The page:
More than most other writers on these topics, however, Weeks connects all of these issues to feminism. People whose politics I respect mostly treated that phrase as a bit of laughable word salad. And as I noted recentlythe right-wing connection between the threat of socialism and the threat of loose sexual morality is not an arbitrary one. She also lamented the unfortunate state of the debate over sex work, which tends to be reduced to two equally inadequate positions:
While many members of society view sex work as immoral and degrading to women, I argue that sex work is essentially just work, and that it is not necessarily harmful to women. Under circumstances in which sex work is accepted and regulated in society, in which the sex worker is protected and granted the same rights as any other laborer, sex work has the possibility to be beneficial to women.
Sex work can be very profitable for women, and many women may enjoy work that allows them to creatively express their sexuality. Sex work can allow human beings a way to safely explore their sexual desires in ways they cannot through the current social norm of heterosexual, monogamous relationships.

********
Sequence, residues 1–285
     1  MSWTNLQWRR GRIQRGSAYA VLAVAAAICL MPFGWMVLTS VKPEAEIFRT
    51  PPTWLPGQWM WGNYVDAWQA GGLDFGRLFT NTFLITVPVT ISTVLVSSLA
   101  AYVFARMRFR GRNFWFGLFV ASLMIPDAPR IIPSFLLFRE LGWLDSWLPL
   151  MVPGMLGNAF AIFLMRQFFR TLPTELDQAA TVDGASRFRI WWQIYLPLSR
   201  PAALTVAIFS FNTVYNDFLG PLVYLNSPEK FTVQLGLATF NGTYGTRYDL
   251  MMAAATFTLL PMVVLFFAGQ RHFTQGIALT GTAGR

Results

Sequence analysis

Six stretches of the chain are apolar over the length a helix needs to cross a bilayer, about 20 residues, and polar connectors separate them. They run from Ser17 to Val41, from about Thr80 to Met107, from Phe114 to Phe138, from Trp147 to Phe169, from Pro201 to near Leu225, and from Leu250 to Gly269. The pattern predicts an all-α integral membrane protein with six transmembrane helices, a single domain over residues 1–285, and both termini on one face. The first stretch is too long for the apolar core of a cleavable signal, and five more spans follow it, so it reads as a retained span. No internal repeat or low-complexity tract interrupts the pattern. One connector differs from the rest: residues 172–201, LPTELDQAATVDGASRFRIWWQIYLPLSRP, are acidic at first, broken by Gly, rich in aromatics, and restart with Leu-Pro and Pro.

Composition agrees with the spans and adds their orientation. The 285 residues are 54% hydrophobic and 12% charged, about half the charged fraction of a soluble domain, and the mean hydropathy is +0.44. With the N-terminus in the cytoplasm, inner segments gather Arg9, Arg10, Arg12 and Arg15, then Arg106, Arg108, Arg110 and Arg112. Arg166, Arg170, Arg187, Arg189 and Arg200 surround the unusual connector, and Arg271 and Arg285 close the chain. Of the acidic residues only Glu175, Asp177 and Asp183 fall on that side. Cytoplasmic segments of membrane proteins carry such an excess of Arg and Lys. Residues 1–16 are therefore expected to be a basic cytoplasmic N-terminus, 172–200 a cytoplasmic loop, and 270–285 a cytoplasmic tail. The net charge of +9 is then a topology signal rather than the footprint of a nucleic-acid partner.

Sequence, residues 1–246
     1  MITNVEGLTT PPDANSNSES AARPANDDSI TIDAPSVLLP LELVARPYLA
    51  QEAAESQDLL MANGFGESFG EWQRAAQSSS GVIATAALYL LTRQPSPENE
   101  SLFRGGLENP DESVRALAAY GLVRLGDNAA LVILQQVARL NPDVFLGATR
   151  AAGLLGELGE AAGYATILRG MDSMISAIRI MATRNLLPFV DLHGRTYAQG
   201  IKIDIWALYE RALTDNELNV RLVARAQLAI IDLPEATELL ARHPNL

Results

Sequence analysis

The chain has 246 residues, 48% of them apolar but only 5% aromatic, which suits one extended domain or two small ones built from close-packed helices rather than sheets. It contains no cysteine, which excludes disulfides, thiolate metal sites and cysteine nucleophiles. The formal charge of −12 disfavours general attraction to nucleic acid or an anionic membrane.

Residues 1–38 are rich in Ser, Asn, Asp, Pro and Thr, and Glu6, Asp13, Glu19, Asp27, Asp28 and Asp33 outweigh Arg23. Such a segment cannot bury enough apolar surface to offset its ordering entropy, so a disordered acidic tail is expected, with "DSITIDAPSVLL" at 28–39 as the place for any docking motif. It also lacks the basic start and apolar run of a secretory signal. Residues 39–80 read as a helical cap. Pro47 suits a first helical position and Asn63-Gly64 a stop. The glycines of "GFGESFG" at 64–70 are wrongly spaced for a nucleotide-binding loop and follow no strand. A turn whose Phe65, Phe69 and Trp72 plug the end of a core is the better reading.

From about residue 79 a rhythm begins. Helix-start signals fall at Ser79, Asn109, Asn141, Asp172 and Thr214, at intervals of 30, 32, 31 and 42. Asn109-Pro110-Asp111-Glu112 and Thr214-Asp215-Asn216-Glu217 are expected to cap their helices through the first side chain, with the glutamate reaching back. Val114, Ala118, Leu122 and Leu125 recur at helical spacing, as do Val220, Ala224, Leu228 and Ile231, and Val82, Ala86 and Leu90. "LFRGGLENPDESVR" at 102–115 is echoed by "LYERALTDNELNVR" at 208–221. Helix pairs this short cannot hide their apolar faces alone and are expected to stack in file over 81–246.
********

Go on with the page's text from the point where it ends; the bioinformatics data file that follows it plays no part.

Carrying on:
I argue prostitution should be legal. Morality provides no sound basis for law, as people governed by laws can not possibly all share the same moral beliefs.
My argument is that prostitution should be made legal, sex workers offered the same rights and respect as workers in any other field, and that by doing this sex work can become something that benefits women and humanity in general.
I disagree with this conclusion on prostitution. Men do not own a prostitute when they are paying her for sex any more than a business man owns his factory workers.
If prostitutes are given the right to choose their clients and to Sex workers in canada essay sex at any point in which they feel unsafe or uncomfortable, prostitution is not a question of temporary ownership.
Another point Pateman makes in her essay distinguishes prostitution from other forms of work based on the product being paid for. Pateman argues that in other forms of labor work, the employer is paying for the product of the labor, and not the labor itself.
In prostitution, the physical labor itself is the commodity Pateman, This argument does not hold up. Workers in any entertainment field, such as stage actors, dancers, or comedians, are paid for their actual labor, not any product which is produced by their labor.
In this way, one can view the prostitute as an entertainer; the root of each type of work is essentially the same: Finally, Pateman argues that because sexuality is so intertwined with ones personality and identity, to sell sex is to sell oneself Again, this argument is unconvincing.
It is true that prostitutes are paid for exerting one aspect of their personality their sexuality. However, prostitution is not unique in this sense. Many workers earn a living by exerting a strong aspect of their personality.